Do you believe there is such a thing as an individual being positively evil? Now, if you as a believer have not immediately marked a why against that question, it is a wonderful illustration of the phenomenal erosion that is taking place as a result of the impact of a secular world that believes that the issue is not concerning these matters an issue of morality but an issue of education. And the issue this morning, as we're told by our world, is not that a man is bad, it is just that he's not as good as he should be. That his problem is that he's ignorant. He's not sinful. It's just that he doesn't know. He doesn't know about the beautiful and about the pure and about the good. His problem is not that he chooses evil over good, but his problem is that he's unaware of the choice, and he needs to be educated. Isn't that what we hear all the time?

And that's, of course, our explanation all the time. The issue is shifted from morality to education. So we come to the question of premarital sex. The issue is not a moral issue anymore. It is an educational issue.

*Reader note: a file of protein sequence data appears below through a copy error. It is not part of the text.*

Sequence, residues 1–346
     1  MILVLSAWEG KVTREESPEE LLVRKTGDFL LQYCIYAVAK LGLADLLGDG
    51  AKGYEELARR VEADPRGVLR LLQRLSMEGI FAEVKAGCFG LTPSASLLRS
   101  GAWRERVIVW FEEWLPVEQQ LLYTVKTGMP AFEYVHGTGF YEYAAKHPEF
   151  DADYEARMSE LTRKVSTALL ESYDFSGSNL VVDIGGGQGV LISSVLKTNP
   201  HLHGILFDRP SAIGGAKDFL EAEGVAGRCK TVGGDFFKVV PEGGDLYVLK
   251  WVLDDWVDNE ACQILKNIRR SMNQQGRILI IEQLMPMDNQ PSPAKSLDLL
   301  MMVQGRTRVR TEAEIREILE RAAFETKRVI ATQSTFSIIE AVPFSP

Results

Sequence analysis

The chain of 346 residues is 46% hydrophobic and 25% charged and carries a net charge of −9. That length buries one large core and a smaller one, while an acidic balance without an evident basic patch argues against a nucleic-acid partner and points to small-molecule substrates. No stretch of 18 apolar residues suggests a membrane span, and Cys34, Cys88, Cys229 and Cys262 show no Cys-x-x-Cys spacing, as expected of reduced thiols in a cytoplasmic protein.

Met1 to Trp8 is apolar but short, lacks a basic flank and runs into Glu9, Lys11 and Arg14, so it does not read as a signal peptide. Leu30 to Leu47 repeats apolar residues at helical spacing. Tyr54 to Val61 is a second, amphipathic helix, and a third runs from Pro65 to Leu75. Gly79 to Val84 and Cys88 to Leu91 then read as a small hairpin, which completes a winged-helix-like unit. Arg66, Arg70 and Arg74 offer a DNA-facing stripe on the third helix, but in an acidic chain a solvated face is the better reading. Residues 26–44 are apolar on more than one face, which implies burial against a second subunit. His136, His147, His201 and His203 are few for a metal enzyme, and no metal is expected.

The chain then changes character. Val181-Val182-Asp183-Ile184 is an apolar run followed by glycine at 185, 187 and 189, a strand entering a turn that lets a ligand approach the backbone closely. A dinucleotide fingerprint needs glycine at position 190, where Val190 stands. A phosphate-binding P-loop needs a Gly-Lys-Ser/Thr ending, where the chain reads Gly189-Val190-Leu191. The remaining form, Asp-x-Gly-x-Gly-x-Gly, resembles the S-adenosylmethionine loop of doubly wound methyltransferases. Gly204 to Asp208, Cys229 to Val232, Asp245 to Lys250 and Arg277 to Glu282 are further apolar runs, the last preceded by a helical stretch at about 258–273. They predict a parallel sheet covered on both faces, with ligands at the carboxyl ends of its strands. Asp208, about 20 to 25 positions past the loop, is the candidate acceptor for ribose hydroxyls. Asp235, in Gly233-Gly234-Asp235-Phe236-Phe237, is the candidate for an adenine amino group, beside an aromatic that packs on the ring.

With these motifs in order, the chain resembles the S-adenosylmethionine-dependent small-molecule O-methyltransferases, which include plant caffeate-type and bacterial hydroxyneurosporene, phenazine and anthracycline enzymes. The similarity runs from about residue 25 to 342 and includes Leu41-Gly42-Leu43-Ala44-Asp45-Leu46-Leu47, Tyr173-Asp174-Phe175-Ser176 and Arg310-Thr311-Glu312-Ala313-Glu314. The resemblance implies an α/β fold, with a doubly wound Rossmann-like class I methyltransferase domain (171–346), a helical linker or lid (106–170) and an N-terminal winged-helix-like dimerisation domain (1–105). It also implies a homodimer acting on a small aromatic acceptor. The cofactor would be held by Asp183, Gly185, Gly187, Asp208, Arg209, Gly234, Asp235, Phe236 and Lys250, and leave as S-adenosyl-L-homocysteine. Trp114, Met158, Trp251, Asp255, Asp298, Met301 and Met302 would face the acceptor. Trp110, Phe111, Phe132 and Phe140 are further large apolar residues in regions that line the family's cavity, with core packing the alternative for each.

Therefore, we won't talk about right and wrong. We'll talk about educating people as to how they might accommodate this. The issue concerning AIDS. The one thing you cannot say about AIDS is to introduce the issue of morality to it. It becomes only a matter of education.

The question of the death penalty is not an issue of morality anymore. It is an issue of education. Go through the moral law of God, which is the moral law of God, and you realize that the culture in which we live has no possibility of coming to Christ as a savior, as a savior. For it is unprepared to admit the predicament of sin. And until a person understands sin, why in the wide world would you want a savior? So we need to labor to point out to people that if they're prepared to be sensible, to sift the evidence and to think, they have got to come up with an explanation as to why we are the way we are, and that we want to put it to them that the Bible gives as good an explanation as any that I've heard in a long time.